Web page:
Brookfield CSA Offers Mushrooms Year-Round

Oyster mushrooms at 1000 Stone Farm in Brookfield. (Herald / Bob Eddy)

Farm’s Biweekly Mushrooms Bring Culinary Variety

Mushroom lovers looking for a new summer source need to look no further than 1000 Stone Farm in Brookfield, where a unique crop is being cultivated. The oyster mushroom is a common, edible mushroom that can be found growing on hardwoods worldwide. Their subtle, nutty flavor makes oyster mushrooms a favorite in soups and sauces, and they have been grown by 1000 Stone Farm for two seasons.

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The farm, owned by Kyle Doda, is a four-season certified organic homestead farm committed to raising organic and sustainably grown produce for the local community and beyond. The oyster mushrooms are distributed via 1000 Stone’s bi-weekly mushroom CSA (Community Supported Agriculture), and can also be found on the menu at Three Penny Taproom, Tulsi Tea Room, Sarducci’s, and Kismet Kitchen, in Montpelier, and Ariel’s Restaurant in Brookfield. The mushroom CSA is one of four different CSAs that 1000 Stone Farm offers.

Year-Round Offerings

The farm starts the year with 10 weeks of its spring CSA, followed by 20 weeks of a summer CSA, and the 15-week fall/winter CSA. The biweekly mushroom CSA features certified organic oyster mushrooms.

Kyle Doda is cultivating several varieties of oyster mushrooms at 1000 Stone Farm in Brookfield. (Herald / Bob Eddy)

“We strive to provide crops at times when people can’t usually find fresh produce,” said Doda in a recent phone interview with The Herald.

All but the spring CSA comes with a choice of a small or large share, with prices differing accordingly. A newsletter, included with every installment of produce, suggests recipes for the newest crops.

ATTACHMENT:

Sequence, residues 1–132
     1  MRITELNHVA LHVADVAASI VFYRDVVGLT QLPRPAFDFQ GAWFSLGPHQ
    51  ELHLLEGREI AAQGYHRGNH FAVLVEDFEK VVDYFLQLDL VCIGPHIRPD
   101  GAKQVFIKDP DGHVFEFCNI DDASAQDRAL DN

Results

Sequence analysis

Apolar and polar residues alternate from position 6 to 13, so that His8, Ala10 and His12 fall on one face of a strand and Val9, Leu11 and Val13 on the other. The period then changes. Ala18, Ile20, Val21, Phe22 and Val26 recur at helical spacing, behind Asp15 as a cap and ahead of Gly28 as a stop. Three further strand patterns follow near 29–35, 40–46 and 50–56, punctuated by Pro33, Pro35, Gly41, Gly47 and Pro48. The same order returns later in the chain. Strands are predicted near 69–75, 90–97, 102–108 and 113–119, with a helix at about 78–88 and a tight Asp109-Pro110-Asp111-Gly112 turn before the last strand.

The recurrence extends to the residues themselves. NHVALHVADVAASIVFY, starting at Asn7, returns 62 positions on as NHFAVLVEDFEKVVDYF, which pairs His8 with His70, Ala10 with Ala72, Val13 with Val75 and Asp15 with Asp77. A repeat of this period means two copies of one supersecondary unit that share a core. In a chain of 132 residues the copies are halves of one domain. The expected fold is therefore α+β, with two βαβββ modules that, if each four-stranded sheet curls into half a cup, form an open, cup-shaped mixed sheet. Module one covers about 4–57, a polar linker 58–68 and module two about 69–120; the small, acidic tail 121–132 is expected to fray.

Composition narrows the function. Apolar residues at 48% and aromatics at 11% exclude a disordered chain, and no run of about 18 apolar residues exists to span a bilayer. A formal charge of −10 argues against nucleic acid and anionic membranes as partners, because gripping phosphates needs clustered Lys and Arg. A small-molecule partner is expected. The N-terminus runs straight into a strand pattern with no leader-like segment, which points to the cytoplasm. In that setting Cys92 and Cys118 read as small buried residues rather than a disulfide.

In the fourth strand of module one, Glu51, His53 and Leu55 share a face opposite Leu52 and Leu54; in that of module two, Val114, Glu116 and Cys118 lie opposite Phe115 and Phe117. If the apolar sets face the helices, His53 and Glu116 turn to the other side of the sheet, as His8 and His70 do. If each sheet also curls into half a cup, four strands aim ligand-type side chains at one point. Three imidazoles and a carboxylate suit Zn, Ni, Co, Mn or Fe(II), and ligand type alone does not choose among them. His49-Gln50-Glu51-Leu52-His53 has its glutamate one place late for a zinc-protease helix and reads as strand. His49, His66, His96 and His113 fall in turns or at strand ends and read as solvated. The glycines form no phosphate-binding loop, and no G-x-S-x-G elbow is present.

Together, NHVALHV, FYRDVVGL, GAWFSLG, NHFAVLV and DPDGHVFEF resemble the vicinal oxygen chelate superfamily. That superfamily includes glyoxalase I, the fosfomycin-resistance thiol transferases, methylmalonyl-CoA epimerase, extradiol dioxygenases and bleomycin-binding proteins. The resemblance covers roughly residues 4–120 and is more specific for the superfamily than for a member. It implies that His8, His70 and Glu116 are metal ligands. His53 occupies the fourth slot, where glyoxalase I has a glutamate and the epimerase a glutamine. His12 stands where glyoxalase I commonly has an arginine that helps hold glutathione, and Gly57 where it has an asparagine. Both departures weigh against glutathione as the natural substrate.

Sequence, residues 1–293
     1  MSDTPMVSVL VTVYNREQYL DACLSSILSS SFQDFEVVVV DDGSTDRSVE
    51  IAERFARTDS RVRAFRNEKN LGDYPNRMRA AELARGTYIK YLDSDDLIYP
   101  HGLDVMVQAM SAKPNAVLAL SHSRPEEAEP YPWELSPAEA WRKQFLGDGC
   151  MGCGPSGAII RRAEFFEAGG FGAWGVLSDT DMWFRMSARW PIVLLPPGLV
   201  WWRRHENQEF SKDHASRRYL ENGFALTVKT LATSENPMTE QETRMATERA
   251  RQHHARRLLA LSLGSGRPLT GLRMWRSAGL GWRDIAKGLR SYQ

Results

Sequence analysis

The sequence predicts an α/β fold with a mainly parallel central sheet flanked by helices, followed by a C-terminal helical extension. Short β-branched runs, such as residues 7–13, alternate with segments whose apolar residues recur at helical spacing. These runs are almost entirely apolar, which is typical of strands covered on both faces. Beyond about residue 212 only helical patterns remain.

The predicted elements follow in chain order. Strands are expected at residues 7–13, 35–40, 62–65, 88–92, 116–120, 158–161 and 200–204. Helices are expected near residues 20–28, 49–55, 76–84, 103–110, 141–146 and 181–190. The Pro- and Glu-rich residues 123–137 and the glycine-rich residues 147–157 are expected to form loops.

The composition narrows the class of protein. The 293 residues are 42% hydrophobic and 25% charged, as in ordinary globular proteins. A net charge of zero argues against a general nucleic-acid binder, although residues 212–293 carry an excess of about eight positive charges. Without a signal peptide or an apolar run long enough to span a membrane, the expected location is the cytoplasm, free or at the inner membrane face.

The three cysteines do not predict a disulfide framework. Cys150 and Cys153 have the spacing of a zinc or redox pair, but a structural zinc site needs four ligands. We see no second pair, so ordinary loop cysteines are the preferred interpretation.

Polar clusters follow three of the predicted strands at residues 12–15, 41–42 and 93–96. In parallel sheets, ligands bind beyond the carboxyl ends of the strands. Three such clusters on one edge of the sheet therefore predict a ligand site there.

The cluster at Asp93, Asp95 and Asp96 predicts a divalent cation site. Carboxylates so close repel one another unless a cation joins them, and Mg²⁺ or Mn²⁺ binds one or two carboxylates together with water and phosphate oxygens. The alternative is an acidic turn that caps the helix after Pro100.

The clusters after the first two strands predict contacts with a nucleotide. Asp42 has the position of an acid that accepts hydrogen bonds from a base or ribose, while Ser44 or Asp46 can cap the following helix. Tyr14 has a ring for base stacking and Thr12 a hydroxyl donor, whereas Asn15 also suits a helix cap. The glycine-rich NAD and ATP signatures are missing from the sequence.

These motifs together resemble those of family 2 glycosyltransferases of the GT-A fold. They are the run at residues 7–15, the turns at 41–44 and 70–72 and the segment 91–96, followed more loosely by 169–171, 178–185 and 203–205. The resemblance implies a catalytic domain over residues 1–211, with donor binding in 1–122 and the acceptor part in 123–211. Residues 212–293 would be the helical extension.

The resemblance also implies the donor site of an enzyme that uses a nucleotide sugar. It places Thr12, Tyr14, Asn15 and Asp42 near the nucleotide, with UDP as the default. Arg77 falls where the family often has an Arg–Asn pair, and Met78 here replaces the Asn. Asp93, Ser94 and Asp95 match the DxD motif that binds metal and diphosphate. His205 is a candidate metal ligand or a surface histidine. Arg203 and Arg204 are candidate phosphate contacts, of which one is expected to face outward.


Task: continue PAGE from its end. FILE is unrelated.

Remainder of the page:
Customers receive a variety of food in each seasonal CSA, ranging from Swiss chard and herbs in the spring; to melons, berries, and sweet potatoes in the summer; and salad mixes and root vegetables in the winter weeks. The four seasons of CSAs are possible thanks to Doda’s eight greenhouses, which help to provide produce earlier than most farms so that “customers can receive fresh food earlier, all year,” said Doda.

Greenhouse manager, Margaret Kane brings flats of freshly harvested garlic to the barn at 1000 Stone Farm in Brookfield. (Herald / Bob Eddy)

“When people add it up, they will typically save money,” Doda explained. “All of our CSA members can save 15-25% off our normal retail prices, depending on the time of year.”

During the summer boom, Doda added, members will often walk away with more produce than they actually pay for. Members also pay for the unbeatable taste and freshness of the product, along with the knowledge that their money is supporting a local farm with local employees.


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